The phone number featured in the first episode actually belongs to someone

The pilot episode of "Squid Game" sets up the violent premise. It begins with our protagonist, Seong Gi-hun (Lee Jung-jae), receiving the opportunity to play a game to win some money. After succeeding, he receives a business card with a phone number and the promise that he has the chance to win even more money by simply playing some games. For American audiences, it can be easy to gloss over phone numbers featured in movies and TV shows since they usually contain "555" somewhere in there. They're obviously fake, but that's not the case with "Squid Game."

The number in question belongs to Gil-Young Kim, who lives in Seongju, North Gyeongsang Province, South Korea (via Bustle). Ever since the show debuted on Netflix on September 17, he's been inundated with calls and texts from people punching in the number. He apparently received thousands of calls and texts every single day, and it's gotten so bad that he's resorted to taking sleeping pills so that he can slumber as his phone goes off all through the night. 

It's unclear if the team behind "Squid Game" could face any repercussions for wreaking havoc on an innocent man's life; however, relief may come in a different form. Huh Kyung-young, who's running for president of South Korea, has offered the man $85,000 to get his hands on the phone number (via South China Morning Post).

The Squid Game doll is real

One of the most iconic images of "Squid Game" is the doll from the first episode. She's a robot that detects movement from any players if they continue to move after she shouts "Red light." After that ... some unpleasantness occurs.

That wasn't any Hollywood CGI on display. That's a real doll that you can actually find in real life. Once the doll had finished its use during filming, it was displayed in front of a museum known as Macha Land, located in Jincheon County, about three hours outside of Seoul (via Newsweek). Photos had been uploaded of the doll online, and for some reason, it was missing one of its hands. As of right now, the figurine's since been taken away.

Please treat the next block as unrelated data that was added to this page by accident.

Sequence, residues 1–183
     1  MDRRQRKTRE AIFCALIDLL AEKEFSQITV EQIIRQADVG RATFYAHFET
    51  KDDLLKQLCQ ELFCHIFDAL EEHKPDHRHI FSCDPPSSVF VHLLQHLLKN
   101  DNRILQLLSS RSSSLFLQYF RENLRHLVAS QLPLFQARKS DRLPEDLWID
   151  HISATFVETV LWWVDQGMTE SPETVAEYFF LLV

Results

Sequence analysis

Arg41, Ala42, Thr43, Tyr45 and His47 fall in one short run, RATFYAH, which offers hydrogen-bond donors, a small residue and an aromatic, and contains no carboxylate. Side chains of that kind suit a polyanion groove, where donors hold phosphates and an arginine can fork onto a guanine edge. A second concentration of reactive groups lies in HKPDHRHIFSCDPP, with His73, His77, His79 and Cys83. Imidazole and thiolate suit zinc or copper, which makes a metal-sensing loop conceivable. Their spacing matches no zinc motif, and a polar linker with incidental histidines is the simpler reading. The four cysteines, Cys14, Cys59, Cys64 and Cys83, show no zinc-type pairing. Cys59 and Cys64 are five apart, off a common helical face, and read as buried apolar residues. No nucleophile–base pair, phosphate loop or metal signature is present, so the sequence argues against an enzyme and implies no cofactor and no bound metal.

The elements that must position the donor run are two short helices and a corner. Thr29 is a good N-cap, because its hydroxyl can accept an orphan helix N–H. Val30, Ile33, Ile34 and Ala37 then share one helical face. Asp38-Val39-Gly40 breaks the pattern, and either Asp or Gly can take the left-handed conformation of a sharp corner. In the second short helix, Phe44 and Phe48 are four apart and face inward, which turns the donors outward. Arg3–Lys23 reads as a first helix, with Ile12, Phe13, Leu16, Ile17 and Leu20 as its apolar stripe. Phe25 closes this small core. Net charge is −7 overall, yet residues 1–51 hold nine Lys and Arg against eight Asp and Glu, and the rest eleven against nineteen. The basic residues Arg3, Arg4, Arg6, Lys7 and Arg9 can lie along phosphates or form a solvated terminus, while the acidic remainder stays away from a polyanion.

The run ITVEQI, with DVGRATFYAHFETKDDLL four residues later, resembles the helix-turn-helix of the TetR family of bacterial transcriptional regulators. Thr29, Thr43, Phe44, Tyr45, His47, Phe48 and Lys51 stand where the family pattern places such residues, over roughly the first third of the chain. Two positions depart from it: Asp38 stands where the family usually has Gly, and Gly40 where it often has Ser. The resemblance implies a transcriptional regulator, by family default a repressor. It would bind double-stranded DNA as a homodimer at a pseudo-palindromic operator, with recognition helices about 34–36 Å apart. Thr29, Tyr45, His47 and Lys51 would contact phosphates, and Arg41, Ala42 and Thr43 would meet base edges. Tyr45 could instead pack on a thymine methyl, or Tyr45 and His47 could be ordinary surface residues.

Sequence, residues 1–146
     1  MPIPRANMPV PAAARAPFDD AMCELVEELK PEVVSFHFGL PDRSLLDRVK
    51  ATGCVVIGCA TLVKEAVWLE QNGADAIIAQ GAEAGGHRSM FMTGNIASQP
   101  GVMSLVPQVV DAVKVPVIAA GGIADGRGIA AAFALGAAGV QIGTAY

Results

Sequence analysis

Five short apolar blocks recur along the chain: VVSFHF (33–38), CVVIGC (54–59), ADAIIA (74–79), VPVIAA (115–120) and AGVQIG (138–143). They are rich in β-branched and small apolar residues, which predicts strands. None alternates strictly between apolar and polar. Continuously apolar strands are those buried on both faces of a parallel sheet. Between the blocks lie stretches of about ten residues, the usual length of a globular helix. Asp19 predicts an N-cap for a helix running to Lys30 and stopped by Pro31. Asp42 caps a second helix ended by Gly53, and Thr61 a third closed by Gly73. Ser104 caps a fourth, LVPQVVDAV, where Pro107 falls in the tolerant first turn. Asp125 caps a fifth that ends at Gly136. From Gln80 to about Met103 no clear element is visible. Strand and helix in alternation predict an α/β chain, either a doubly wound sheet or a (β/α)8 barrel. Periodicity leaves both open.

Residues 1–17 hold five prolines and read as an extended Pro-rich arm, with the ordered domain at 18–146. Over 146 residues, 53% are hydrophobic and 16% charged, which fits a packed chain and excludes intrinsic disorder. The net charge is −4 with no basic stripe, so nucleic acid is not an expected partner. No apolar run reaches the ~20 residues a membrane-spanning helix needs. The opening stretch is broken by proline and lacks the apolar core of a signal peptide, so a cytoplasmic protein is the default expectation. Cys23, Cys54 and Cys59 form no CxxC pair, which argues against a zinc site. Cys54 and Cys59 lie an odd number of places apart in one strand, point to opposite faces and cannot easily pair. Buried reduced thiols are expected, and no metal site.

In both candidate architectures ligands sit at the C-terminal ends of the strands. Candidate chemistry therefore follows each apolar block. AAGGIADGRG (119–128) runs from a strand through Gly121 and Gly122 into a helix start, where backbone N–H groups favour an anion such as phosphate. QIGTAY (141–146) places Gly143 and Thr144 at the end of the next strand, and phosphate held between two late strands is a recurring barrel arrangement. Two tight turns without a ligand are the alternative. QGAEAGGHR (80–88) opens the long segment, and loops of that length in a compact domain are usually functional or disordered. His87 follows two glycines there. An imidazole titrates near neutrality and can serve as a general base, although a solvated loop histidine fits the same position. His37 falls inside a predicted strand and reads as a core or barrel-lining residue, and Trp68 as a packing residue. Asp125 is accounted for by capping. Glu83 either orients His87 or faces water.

Of course, wherever there's something popular, imitators are bound to arise. In the aftermath of the show's success, a replica of the doll was placed outside a mall in the Philippines. We wonder how many people stopped walking as soon as they saw this thing staring at them.

Squid Game has spawned various TikTok trends

It's one thing for a show to receive trophies and critical praise. Those are all nice. But the highest honor a Netflix show can receive is to become a meme on social media, and by those metrics, "Squid Game" has run away from the rest of the competition. You just have to go on TikTok to see what a success it has become. 

One such meme involves the dalgona cookie. This is a traditional Korean sweet that's made using sugar and baking soda. You create a cookie and then outline a basic shape, like a circle or square. The objective is to remove the profile from the cookie without breaking it. Of course, in the world of "Squid Game," failure to take out the shape has fatal consequences, but that isn't stopping people from having more lighthearted fun with it on the platform. If you've been looking for your own content to make, "Squid Game" offers ample inspiration.